Birmingham Juvenile Delinquency Service ‘requires improvement’

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Inspectors have rated the Birmingham Juvenile Offender Service (YOS) as ‘requires improvement’

Inspectors have rated the Birmingham Youth Offender Service (YOS) as “requires improvement” amid staffing challenges and some difficulties in meeting the needs of children.

The service supervises children between the ages of 10 and 17 within the justice system.

Inspectors found that “significant” work had been done since its previous review in 2020.

The YOS said the inspectors had recognized its “commitment” to progress.

In total, however, the inspectors made 11 recommendations for improvement and discovered several problems.

Among them were problems meeting the diversity needs of staff and children alike.

Birmingham YOS, operated by the Birmingham Children’s Trust on behalf of the city council, faced “additional, and often unique challenges, as the largest juvenile justice service in England and Wales”, admitted Probation Chief Inspector Justin Russell.

The latest report, published on Tuesday, said work had been done to improve the management of the service and to meet the needs of children, but added there were challenges in recruiting and the workload of staff.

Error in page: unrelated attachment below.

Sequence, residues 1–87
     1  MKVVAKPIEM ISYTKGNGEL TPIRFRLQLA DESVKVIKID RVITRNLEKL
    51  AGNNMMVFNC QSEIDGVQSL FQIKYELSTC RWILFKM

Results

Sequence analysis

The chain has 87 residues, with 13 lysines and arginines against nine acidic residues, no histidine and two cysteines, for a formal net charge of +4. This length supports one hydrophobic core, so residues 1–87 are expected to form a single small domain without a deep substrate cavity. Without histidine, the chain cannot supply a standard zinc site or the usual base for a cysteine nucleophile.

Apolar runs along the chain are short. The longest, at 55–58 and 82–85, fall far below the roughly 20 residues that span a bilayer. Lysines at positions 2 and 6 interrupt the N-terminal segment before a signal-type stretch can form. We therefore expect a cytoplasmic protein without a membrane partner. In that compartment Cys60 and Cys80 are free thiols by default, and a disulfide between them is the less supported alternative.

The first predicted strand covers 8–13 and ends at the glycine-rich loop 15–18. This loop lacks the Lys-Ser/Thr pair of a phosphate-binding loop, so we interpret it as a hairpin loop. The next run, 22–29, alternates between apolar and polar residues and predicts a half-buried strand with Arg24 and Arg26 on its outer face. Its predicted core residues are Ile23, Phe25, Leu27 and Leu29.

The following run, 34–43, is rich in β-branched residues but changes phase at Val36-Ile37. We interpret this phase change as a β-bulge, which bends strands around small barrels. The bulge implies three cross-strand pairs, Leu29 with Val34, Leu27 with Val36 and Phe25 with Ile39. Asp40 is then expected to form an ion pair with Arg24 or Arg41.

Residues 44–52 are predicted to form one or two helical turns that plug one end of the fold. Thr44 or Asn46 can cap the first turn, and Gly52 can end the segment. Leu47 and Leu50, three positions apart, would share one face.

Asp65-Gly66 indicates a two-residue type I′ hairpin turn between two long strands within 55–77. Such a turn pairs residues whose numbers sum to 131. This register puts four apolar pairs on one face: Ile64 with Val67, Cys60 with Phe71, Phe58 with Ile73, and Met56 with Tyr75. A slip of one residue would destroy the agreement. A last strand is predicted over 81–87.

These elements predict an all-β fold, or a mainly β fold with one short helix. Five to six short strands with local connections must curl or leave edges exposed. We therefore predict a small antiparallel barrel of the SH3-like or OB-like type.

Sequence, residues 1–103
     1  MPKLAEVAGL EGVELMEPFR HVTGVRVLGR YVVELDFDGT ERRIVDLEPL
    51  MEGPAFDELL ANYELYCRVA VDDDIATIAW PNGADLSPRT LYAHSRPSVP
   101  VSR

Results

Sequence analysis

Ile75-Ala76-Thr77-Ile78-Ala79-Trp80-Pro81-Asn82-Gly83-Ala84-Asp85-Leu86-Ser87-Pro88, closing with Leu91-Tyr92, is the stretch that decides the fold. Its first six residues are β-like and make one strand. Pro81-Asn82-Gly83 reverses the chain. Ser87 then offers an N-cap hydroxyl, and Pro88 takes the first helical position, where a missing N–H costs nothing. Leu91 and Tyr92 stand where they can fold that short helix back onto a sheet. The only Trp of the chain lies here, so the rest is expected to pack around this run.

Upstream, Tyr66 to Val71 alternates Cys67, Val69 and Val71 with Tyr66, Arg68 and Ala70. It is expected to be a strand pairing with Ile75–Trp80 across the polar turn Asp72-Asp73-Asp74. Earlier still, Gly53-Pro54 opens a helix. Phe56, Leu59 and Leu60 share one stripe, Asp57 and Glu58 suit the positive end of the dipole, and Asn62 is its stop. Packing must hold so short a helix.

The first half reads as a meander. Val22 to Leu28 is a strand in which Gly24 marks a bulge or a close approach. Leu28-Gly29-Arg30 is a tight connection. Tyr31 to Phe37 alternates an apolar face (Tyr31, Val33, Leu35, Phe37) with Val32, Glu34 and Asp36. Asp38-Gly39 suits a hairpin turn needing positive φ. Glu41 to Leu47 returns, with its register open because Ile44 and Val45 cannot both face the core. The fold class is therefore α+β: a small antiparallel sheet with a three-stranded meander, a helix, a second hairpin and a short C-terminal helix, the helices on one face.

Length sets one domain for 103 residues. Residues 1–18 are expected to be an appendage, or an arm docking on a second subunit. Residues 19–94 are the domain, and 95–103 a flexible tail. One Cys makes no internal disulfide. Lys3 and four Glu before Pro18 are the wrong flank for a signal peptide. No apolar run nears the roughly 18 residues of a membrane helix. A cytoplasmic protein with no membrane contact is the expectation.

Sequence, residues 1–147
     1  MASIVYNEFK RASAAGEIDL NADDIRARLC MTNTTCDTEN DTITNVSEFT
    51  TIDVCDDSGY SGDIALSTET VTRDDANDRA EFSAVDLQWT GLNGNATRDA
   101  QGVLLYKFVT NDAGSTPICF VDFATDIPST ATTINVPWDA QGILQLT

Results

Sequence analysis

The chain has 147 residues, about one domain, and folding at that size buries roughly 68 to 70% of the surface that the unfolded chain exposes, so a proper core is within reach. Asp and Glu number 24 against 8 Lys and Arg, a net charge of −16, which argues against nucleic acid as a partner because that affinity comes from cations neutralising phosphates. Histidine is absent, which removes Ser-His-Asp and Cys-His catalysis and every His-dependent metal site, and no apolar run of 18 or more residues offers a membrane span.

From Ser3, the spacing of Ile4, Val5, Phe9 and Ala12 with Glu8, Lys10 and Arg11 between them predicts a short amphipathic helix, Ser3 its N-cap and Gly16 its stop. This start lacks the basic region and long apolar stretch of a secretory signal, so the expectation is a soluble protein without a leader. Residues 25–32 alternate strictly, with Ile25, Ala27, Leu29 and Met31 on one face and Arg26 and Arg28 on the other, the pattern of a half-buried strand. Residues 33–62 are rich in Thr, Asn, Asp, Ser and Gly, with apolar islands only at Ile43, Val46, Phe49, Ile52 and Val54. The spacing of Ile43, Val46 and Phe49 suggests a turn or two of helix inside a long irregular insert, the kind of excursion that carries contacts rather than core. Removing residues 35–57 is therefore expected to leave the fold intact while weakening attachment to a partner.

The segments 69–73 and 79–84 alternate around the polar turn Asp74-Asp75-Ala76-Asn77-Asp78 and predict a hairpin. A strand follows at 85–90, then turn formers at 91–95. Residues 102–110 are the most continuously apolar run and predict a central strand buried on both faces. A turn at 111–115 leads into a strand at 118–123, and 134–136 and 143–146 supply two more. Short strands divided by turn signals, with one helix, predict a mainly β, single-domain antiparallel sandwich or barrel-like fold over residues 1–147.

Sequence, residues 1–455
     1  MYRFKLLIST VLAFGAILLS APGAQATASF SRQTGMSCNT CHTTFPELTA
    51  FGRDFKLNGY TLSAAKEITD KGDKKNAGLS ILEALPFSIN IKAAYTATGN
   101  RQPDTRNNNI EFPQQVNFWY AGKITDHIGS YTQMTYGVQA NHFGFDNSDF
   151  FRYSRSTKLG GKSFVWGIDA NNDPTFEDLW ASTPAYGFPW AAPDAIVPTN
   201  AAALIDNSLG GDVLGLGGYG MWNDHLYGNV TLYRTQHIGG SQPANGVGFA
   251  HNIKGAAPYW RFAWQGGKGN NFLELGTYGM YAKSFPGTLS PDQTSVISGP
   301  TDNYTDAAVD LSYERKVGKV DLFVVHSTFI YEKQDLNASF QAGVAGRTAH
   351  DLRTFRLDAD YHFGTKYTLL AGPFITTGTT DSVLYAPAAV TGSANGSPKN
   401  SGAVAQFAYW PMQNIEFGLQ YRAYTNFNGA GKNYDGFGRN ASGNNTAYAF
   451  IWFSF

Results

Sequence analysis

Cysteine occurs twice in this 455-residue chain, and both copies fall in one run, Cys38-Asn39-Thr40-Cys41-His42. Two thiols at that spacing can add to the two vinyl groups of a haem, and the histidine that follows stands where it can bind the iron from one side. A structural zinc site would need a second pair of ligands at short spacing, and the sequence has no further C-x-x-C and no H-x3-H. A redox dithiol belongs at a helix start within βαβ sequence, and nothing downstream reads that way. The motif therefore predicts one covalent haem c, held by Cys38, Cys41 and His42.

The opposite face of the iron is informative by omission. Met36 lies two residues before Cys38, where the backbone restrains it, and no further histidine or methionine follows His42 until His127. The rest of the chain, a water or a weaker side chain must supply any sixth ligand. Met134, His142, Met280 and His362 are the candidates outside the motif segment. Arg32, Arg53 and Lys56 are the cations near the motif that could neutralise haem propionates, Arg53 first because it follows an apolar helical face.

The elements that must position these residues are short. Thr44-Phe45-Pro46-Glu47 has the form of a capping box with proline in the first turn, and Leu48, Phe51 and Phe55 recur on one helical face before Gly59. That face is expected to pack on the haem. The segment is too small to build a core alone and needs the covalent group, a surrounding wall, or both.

The quality of work with children, he said, needed to be further developed, and the report highlighted a decline in the quality of court case delivery.

“(YOS has) improved and we believe that such efforts, given the circumstances, should not be underestimated,” they concluded.

Inspectors examined the standards of organizational handover, resettlement work, and management of children serving court or community sentences.

The inspection made 11 recommendations, including how partnership services could best respond to risks and safety concerns for each child.

The inspectors also highlighted that the YOS needed to more “consistently” meet the diversity needs of children and staff, adding that this was “especially important” given that Black, Asian and minority ethnic children made up two-thirds of the cases.

A spokesman for the Birmingham Children’s Trust said the inspection had recognized the “considerable work” and “commitment” that had been made to improve standards.

“We are determined to continue to transform and modernize the service as we want to provide the best services to our children, families, victims and communities.”

They added that there would be a “comprehensive review” of the service’s development plans in light of the findings.

The trust’s chief executive, Andy Couldrick, said the report acknowledges that progress has been made, adding that he is “confident” further improvements can be made.


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